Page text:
International Standards Organization 26000:10 (ISO 26000) – https://www.iso.org/iso-26000-social-responsibility.html
ISO 26000 provides guidance for socially responsible businesses who recognize that respect for society and environment is a critical success factor. As well as being the “right thing to do,” ISO 26000 is a way to assess an organization’s commitment to sustainability and its overall performance.
ISO 26000:10 provides guidance rather than requirements, so it isn’t a certification unlike some ISO standards. Instead, it helps clarify what social responsibility is, helps businesses and organizations translate principles into effective actions, and shares social responsibility best practices.
It’s aimed at all types of organizations regardless of their activity, size or location. Its guidance is often used in conjunction with other frameworks, including the UN Sustainable Development Goals.
Organisation for Economic Cooperation and Development Guidelines (OECD) – www.oecd.org
The OECD Guidelines provide principles and standards for responsible business conduct for multinational corporations operating in or from countries that adhere to the OECD Declaration on International Investment and Multinational Enterprises. The goal is to shape policies that foster prosperity, equality, opportunity and well-being for all.
OECD works with governments, policy makers, and citizens to establish evidence-based international standards and find solutions to social, economic, and environmental challenges. From improving economic performance and creating jobs to fostering strong education and fighting international tax evasion, it provides a knowledge hub for data and analysis, exchange of experiences, best practices, and advice on public policies and international standards.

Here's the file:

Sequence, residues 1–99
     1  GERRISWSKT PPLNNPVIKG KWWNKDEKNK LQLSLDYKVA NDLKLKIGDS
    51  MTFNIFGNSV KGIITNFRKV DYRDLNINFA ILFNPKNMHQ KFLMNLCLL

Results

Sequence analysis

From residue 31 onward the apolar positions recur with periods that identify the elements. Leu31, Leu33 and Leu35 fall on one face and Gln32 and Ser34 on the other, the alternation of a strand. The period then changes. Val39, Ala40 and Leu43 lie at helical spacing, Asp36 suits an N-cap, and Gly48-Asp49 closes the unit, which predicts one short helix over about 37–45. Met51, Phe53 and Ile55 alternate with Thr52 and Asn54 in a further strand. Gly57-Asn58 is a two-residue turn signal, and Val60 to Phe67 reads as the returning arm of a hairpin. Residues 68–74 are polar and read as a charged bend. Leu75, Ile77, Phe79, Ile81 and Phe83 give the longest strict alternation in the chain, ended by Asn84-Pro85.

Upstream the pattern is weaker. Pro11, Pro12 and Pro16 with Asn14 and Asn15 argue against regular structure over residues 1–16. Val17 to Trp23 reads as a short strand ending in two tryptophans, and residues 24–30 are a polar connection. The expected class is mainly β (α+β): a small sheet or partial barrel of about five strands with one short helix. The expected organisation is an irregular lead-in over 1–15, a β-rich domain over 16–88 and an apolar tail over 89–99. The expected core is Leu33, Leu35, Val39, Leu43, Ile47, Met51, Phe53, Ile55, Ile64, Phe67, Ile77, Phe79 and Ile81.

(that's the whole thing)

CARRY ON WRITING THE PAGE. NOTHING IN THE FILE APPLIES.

EcoVadis – www.ecovadis.com
Since its founding in 2007, EcoVadis has become a trusted partner for procurement teams in more than 450 leading multinational organizations to reduce risk and drive innovation in their sustainable procurements. EcoVadis envisions a global marketplace where sustainability intelligence influences every business decision—improving economies, people’s lives, and the planet. The EcoVadis sustainability assessment methodology is at the heart of its Ratings and Scorecards and evaluates how well a company has integrated principles of Sustainability/CSR into its business and management system.
IntegrityNext – www.integritynext.com
IntegrityNext enables procurement organizations to qualify and monitor their suppliers to improve sustainability and compliance and meet customer demands and regulatory requirements. IntegrityNext is a cloud-based platform that covers all major aspects of CSR and sustainability requirements, allowing companies to monitor thousands of suppliers with minimal administration.
A growing movement to measure social impact
Over the last few decades, social and environmental awareness and reporting have undergone rapid development. This movement has been amplified by the pandemic. Your clients, prospects and suppliers are exponentially increasing the level at which they evaluate and assess the ESG performance of business they work with. All businesses, including professional service firms, need to plan for and respond to these audits/assessments. Now is the time to prepare—before you receive the first inquiry from a client.
Explore which of these reporting frameworks is best suited for your firm and take steps now to participate.
The process will not only provide you with a resulting “grade” or “score”—but you’ll see where your firm can make improvements.
Stakeholder expectations, and in some cases regulatory pressures, now require a much wider perspective of corporate responsibility and transparency. Your firm will be called on to communicate your practices covering sustainability, triple bottom line, and all related corporate social responsibility initiatives and programs. Are you ready?
If you’d like assistance to determine what tools and frameworks are best for your firm or to learn more about the ESG metrics and requirements, please contact me.
About the Author
Pamela Cone has more than 25 years of professional services experience in marketing, communications, and social impact and sustainability.
She is founder and CEO of Amity Advisory, a consultancy that helps firms strengthen their social impact and sustainability programs and go beyond transactional efforts to achieve truly transformational outcomes. For more information, contact her at firstname.lastname@example.org